Novel functions of SMG-1 in carcinogenesis
2013 (English)Doctoral thesis, comprehensive summary (Other academic)
Damage to DNA can cause mutations leading to cancer, and the DNA damage response (DDR), leading to transient cell-cycle arrest, DNA repair, senescence and apoptosis, plays a role in preventing tumor formation. At the same time, agents that damage DNA are used as anticancer therapy. The DDR has been extensively studied since the mid-nineties, when the genes of the major checkpoint kinases involved were cloned. Since then, quite a detailed model of the DDR has been worked out. According to the current model, the proximal stress-responsive kinases that are essential for the whole signaling cascade to function properly are ATM and ATR belonging to the family of phosphatidyl-inositol 3-kinase-related kinases (PIKKs). SMG-1 is the latest addition to this family, and accumulating evidence is pointing to its role in genome surveillance.
In Paper I, we showed that SMG-1 regulates the G1/S checkpoint in response to ionizing radiation (IR) by two mechanisms. In addition to regulating the p53/p21 pathway by phosphorylating p53 and thus regulating its stability and activity, we have demonstrated a novel role for SMG-1 in regulating cell cycle progression and tumor growth via the p53-independent pathway. We identified Cdc25A as a new SMG-1 substrate and found that SMG-1 suppresses CDK2 activity in response to DNA damage, as well as in unperturbed cells.
Head and neck squamous cell carcinoma (HNSCC) is divided into human papillomavirus (HPV)-positive and HPV-negative subgroups, of which HPV-positive cancers are sensitive to IR treatment and show a more favorable prognosis compared to HPV-negative HNSCCs. In Paper II, for the first time, we have shown a link between defects in SMG-1 expression and cancer. We demonstrated that HPV-positive HNSCC cancer cell lines and tumors express SMG-1 at lower levels than HPV-negative HNSCCs due to promoter hypermethylation. We concluded that diminished SMG-1 levels may contribute to the enhanced response to radiation therapy exhibited by HPV-positive HNSCCs.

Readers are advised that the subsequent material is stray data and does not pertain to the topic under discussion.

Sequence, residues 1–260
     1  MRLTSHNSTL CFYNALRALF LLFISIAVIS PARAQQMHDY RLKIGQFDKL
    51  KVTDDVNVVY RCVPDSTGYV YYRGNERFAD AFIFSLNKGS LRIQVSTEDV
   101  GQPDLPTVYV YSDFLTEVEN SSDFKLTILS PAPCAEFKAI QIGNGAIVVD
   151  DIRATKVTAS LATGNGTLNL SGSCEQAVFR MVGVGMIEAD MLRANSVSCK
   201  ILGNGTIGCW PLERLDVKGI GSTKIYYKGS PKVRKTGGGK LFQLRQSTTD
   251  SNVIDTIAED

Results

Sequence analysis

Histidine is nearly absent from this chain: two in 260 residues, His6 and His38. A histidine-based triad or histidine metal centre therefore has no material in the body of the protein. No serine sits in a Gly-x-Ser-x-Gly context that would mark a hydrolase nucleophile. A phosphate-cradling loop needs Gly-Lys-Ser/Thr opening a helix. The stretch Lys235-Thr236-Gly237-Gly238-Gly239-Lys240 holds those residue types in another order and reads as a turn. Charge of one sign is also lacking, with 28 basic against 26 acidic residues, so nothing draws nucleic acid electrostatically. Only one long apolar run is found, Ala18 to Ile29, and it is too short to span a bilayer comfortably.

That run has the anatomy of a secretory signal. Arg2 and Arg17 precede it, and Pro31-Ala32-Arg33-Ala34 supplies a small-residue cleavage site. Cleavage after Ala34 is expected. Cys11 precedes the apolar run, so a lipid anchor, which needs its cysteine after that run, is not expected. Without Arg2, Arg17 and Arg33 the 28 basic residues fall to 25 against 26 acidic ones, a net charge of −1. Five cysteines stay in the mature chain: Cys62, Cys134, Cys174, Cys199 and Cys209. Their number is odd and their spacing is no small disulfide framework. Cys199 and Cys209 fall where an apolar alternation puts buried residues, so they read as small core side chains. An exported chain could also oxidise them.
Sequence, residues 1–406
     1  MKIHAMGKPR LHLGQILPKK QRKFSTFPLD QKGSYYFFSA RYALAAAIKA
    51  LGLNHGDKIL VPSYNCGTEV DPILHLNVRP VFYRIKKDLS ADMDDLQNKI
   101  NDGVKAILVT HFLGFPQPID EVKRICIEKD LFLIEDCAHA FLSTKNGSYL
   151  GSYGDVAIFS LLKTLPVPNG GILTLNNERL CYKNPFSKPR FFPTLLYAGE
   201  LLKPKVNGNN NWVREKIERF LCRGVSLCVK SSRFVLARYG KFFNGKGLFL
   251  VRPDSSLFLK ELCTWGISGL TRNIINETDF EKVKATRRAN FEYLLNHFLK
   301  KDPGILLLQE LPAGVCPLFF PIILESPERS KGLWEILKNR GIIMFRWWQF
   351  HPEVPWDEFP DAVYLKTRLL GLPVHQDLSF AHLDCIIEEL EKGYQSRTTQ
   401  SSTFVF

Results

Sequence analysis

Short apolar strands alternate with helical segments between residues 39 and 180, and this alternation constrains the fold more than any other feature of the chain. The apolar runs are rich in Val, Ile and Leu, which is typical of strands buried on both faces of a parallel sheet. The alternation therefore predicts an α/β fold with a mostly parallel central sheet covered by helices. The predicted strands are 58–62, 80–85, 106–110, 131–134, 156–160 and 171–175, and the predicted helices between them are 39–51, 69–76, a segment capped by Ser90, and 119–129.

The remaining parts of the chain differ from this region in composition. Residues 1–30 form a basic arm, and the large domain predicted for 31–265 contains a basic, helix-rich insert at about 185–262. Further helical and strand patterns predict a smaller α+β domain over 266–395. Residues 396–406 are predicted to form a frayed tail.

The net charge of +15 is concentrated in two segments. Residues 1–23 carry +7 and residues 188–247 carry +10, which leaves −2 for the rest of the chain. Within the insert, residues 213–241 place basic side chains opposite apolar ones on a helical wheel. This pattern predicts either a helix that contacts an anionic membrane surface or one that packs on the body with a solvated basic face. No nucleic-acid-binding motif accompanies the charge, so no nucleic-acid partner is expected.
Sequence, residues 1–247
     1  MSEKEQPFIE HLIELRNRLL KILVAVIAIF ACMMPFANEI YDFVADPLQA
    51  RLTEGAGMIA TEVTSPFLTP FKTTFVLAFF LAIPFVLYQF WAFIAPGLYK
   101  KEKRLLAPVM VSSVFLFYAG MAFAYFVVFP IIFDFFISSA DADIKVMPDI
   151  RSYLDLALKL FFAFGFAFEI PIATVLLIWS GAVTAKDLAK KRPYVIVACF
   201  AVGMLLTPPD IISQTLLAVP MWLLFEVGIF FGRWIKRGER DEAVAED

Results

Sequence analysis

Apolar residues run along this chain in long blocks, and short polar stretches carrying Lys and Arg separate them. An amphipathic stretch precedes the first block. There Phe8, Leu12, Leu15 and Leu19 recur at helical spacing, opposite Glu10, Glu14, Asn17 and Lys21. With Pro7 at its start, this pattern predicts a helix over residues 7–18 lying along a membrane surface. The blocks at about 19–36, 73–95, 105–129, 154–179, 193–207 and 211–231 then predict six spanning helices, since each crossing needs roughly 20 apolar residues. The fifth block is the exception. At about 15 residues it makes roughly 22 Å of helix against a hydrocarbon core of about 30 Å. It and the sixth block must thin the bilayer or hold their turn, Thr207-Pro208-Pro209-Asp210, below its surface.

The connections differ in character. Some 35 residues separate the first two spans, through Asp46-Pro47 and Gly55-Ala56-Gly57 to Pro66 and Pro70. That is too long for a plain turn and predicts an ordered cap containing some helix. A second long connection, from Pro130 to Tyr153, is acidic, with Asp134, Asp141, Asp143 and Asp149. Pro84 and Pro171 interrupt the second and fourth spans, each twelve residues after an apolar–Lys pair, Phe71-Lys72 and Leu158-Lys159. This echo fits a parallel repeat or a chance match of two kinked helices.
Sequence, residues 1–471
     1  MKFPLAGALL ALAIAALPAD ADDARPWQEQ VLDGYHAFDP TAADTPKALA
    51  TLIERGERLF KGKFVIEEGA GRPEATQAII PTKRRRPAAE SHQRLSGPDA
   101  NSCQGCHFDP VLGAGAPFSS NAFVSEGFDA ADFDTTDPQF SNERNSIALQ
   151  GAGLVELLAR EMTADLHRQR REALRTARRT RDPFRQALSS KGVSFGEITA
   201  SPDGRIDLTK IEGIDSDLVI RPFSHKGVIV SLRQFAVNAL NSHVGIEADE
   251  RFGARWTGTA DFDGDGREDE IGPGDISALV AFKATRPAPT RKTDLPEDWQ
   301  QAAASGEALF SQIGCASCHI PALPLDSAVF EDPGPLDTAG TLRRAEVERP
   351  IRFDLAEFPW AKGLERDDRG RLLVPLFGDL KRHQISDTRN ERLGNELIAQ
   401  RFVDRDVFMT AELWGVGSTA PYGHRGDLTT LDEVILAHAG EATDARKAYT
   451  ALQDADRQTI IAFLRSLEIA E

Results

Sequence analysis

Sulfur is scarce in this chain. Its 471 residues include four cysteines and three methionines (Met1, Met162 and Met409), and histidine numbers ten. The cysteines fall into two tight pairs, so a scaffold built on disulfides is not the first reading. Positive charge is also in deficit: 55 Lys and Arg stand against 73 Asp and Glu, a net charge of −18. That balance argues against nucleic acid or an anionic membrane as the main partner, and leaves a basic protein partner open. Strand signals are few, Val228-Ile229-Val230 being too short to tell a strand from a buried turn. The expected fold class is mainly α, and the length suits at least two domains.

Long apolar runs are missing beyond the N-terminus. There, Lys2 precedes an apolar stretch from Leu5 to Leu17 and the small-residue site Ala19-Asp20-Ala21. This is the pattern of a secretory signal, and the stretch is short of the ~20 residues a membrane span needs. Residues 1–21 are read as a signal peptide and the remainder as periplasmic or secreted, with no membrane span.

Senescence and epithelial-mesenchymal transition (EMT) are both tightly linked to carcinogenesis. Oncogene-induced senescence (OIS) functions as a barrier against tumor progression, while EMT promotes tumor progression and metastasis. In Paper III, we identified previously unknown roles of SMG-1 in these two cellular processes. SMG-1 deficient cells failed to initiate the OIS program induced by activation of Ras. Downregulation of SMG-1 also induced morphologic and molecular changes consistent with EMT. We propose that, by regulating senescence and suppressing EMT, SMG-1 inhibits cancer progression.
Place, publisher, year, edition, pages
Stockholm: Department of Molecular Biosciences, The Wenner-Gren Institute, Stockholm University , 2013. , 47 p.
Biochemistry and Molecular Biology
Research subject Molecular Genetics
IdentifiersURN: urn:nbn:se:su:diva-96037ISBN: 978-91-7447-806-8OAI: oai:DiVA.org:su-96037DiVA: diva2:662819
2013-12-06, William-Olssonsalen, Geovetenskapens hus, Svante Arrhenius väg 14, Stockholm, 13:00 (English)
Gudkov, Andrei, Professor
At the time of the doctoral defence the following paper was unpublished and had a status as follows: Paper 3: Manuscript.2013-11-142013-11-082013-11-12Bibliographically approved
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